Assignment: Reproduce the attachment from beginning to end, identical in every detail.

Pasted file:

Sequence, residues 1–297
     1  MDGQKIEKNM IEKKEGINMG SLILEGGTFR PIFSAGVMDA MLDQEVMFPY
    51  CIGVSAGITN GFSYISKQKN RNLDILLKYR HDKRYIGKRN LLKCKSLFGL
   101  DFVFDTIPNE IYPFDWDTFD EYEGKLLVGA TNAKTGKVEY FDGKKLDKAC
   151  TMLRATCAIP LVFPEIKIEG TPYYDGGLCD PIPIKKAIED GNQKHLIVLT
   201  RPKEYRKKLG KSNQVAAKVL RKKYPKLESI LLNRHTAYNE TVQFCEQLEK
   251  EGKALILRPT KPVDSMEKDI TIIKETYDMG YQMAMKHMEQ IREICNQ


Sequence, residues 1–297
     1  MDGQKIEKNM IEKKEGINMG SLILEGGTFR PIFSAGVMDA MLDQEVMFPY
    51  CIGVSAGITN GFSYISKQKN RNLDILLKYR HDKRYIGKRN LLKCKSLFGL
   101  DFVFDTIPNE IYPFDWDTFD EYEGKLLVGA TNAKTGKVEY FDGKKLDKAC
   151  TMLRATCAIP LVFPEIKIEG TPYYDGGLCD PIPIKKAIED GNQKHLIVLT
   201  RPKEYRKKLG KSNQVAAKVL RKKYPKLESI LLNRHTAYNE TVQFCEQLEK
   251  EGKALILRPT KPVDSMEKDI TIIKETYDMG YQMAMKHMEQ IREICNQ